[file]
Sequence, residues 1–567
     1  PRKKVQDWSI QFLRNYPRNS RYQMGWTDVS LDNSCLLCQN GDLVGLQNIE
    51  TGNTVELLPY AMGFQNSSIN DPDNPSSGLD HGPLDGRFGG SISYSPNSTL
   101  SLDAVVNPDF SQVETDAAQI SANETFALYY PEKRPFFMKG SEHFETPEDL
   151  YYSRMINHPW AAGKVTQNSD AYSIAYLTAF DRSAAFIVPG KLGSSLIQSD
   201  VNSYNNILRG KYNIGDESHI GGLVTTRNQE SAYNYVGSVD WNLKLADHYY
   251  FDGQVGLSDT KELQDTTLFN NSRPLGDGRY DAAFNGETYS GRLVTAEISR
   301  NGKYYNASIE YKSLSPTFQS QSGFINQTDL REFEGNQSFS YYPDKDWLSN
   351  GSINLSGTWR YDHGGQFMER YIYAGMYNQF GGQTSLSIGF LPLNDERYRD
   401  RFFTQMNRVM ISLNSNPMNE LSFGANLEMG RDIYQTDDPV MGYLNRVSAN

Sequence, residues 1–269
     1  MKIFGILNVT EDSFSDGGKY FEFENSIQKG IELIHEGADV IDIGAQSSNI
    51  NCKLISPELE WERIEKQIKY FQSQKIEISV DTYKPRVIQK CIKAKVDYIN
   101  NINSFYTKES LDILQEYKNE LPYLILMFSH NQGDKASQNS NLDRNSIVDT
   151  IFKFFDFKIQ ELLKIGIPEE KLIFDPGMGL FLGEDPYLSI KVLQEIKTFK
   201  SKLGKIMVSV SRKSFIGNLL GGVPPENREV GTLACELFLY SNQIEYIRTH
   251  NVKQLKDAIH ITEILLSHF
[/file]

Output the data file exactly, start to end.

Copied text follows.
Sequence, residues 1–567
     1  PRKKVQDWSI QFLRNYPRNS RYQMGWTDVS LDNSCLLCQN GDLVGLQNIE
    51  TGNTVELLPY AMGFQNSSIN DPDNPSSGLD HGPLDGRFGG SISYSPNSTL
   101  SLDAVVNPDF SQVETDAAQI SANETFALYY PEKRPFFMKG SEHFETPEDL
   151  YYSRMINHPW AAGKVTQNSD AYSIAYLTAF DRSAAFIVPG KLGSSLIQSD
   201  VNSYNNILRG KYNIGDESHI GGLVTTRNQE SAYNYVGSVD WNLKLADHYY
   251  FDGQVGLSDT KELQDTTLFN NSRPLGDGRY DAAFNGETYS GRLVTAEISR
   301  NGKYYNASIE YKSLSPTFQS QSGFINQTDL REFEGNQSFS YYPDKDWLSN
   351  GSINLSGTWR YDHGGQFMER YIYAGMYNQF GGQTSLSIGF LPLNDERYRD
   401  RFFTQMNRVM ISLNSNPMNE LSFGANLEMG RDIYQTDDPV MGYLNRVSAN

Sequence, residues 1–269
     1  MKIFGILNVT EDSFSDGGKY FEFENSIQKG IELIHEGADV IDIGAQSSNI
    51  NCKLISPELE WERIEKQIKY FQSQKIEISV DTYKPRVIQK CIKAKVDYIN
   101  NINSFYTKES LDILQEYKNE LPYLILMFSH NQGDKASQNS NLDRNSIVDT
   151  IFKFFDFKIQ ELLKIGIPEE KLIFDPGMGL FLGEDPYLSI KVLQEIKTFK
   201  SKLGKIMVSV SRKSFIGNLL GGVPPENREV GTLACELFLY SNQIEYIRTH
   251  NVKQLKDAIH ITEILLSHF